Monday, September 24, 2012
Romney's plan to cover the uninsured: emergency room?
Mitt Romney’s specific plan for taking care of those without health insurance?
Scott Pelley to Mitt Romney on insuring the uninsured, 60 minutes, September 23, 2012
“SCOTT PELLEY: Does the government have a responsibility to provide health care to the 50 million Americans who don’t have it today?
MITT ROMNEY: Well, we do provide care for people who don’t have insurance, people — we — if someone has a heart attack, they don’t sit in their apartment and die. We pick them up in an ambulance and take them to the hospital and give them care. And different states have different ways of providing for that care”.
Romney should know better. That’s why he invented the health care system in Massachusetts; it was a very expensive way to go.
The cost shift of expensive ER care to the Hospital goes , not to the State, but to the already insured and to the federal government’s programs for Medicare and Medicaid. It is why we in the US pay 2 and a half times per person for health care than in other industrialized countries. The shift, the cost absorbed by the already insured ads up to $1000 per family per year , and also accounts to the shortening of the life of Medicare since it increases the general cost of health care, the services of which are reflected in the costs of Medicare. That is why the Simpson Bowles Debt Reduction Commission concluded that the cost of Medicare and Medicaid would be reduced if Obamacare was retained and the repealing Obamacare would add to the deficit and Obamacare would reduce it.
A person who treats the ER as their primary care physician does not get any checkups, too, or preventative care.. For major illness, usually the patient arrives at the ER very sick and ends up having the most expensive care because of the seriousness of their advanced condition…hospitalization, surgery and end of life treatment. It is no wonder that the US has one of the worst death rates in the industrialized world. Those who have insurance get good care; those who do not are more likely to die younger. The result is a very bad average.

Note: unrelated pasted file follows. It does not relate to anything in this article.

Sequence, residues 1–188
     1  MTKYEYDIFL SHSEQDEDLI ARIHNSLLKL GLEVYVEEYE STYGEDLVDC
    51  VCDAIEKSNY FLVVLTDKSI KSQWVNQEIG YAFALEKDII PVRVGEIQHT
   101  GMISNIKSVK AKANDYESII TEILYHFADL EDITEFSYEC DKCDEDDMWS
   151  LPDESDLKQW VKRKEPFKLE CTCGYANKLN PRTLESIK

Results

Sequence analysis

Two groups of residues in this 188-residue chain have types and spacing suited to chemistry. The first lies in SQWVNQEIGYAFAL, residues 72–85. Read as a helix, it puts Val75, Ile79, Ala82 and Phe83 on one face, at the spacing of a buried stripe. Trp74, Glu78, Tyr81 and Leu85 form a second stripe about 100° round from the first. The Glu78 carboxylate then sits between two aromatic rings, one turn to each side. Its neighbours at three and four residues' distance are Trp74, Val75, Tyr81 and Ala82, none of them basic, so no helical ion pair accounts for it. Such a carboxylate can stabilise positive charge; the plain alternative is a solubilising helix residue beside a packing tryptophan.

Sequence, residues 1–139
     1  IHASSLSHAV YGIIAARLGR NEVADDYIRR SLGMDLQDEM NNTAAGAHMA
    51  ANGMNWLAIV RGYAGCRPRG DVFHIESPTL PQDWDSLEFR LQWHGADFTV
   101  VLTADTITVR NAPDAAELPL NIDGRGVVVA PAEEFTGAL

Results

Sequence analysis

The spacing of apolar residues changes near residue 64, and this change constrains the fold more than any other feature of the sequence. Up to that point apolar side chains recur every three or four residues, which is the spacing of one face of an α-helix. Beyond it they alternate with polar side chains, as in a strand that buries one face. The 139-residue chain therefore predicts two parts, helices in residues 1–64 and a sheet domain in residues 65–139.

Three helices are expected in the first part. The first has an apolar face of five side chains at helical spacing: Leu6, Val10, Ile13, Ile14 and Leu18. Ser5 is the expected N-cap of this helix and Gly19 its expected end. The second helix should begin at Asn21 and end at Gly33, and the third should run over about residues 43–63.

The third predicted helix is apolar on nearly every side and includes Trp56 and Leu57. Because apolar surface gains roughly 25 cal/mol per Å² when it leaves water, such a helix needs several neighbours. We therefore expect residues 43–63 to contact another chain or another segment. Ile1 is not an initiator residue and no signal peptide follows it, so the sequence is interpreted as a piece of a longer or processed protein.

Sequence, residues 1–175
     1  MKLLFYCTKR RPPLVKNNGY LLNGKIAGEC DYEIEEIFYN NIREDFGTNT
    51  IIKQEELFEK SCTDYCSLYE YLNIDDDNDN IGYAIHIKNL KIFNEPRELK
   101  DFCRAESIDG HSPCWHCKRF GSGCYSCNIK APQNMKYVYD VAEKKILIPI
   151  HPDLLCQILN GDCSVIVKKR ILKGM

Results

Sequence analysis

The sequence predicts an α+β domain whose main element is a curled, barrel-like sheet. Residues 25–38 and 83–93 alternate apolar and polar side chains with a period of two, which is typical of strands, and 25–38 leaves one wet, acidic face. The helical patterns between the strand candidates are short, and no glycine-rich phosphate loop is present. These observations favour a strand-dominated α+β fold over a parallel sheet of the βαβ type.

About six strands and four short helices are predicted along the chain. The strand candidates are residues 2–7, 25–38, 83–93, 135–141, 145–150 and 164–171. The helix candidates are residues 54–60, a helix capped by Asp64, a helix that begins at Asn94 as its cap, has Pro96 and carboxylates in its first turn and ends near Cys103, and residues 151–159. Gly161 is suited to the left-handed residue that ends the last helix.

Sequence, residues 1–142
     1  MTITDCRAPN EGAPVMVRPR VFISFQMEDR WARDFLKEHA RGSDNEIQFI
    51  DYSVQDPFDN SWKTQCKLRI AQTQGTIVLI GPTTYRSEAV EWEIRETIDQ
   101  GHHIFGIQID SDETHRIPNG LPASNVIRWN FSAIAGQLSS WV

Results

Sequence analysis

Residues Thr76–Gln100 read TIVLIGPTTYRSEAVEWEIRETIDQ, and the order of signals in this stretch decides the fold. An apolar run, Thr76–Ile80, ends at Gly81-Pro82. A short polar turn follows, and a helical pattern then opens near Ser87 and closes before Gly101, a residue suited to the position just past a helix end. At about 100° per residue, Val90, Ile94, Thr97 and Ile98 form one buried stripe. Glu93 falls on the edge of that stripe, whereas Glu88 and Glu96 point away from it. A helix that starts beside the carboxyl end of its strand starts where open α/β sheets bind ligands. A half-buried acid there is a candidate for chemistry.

We hear the GOP accusing Obamacare taking $716 billion out of Medicare. The inference is that the cuts go into thin air or benefits are reduced. Wrong. About $250 billion is ending the subsidy to private insurers for Medicare Advantage which, strangely enough, is continuing without the subsidy. The private insurers were being paid 17% more to administer Medicare than what the government could do itself….and it resulted in no advantage to senior care and the insurers got the only advantage.
From an article written by Sarah Kliff in the Washington Post, 8/14/22: “ By 2010, the average Medicare Advantage per-patient cost was of regular fee-for-service. The Affordable Care Act gives those private plans a haircut and tethers reimbursement levels to the quality of care administered, and patient satisfaction.
The Medicare Advantage cut gets the most attention, but it only accounts for about a third of the Affordable Care Act’s spending reduction. Another big chunk comes from the hospitals. The health law changed how Medicare calculates what they get reimbursed for various services, slightly lowering their rates over time. Hospitals agreed to these cuts because they knew, at the same time, they would likely see an influx of paying patients with the Affordable Care Act’s insurance expansion.
The rest of the Affordable Care Act’s Medicare cuts are a lot smaller. Reductions to Medicare’s Disproportionate Share Payments — extra funds doled out the hospitals that see more uninsured patients — account for 5 percent in savings. Lower payments to home health providers make up another 8.8 percent. ….It’s worth noting that there’s one area these cuts don’t touch: Medicare benefits. The Affordable Care Act rolls back payment rates for hospitals and insurers. It does not, however, change the basket of benefits that patients have access to…”
That $716 in savings is reflected in Medicare’s future costs and improvements to the Medicare system. The result: seniors will save on the average of $600 the a year since the Medicare donut hole for prescription drugs will be covered by Obamacare, Medicare’s life is extended 8 years, and the deficit problem will get some relief. Repealing Obamacare would eliminate all of these savings, reinstate the donut hole , eliminate the savings to the system, and continue providing the uninsured with very expensive health care.
(Sources for much of this can be found at the Kaiser Family Foundation web site and at www.AARP.com; Much of this also is a repeat of my prior blog postings with sources documented then)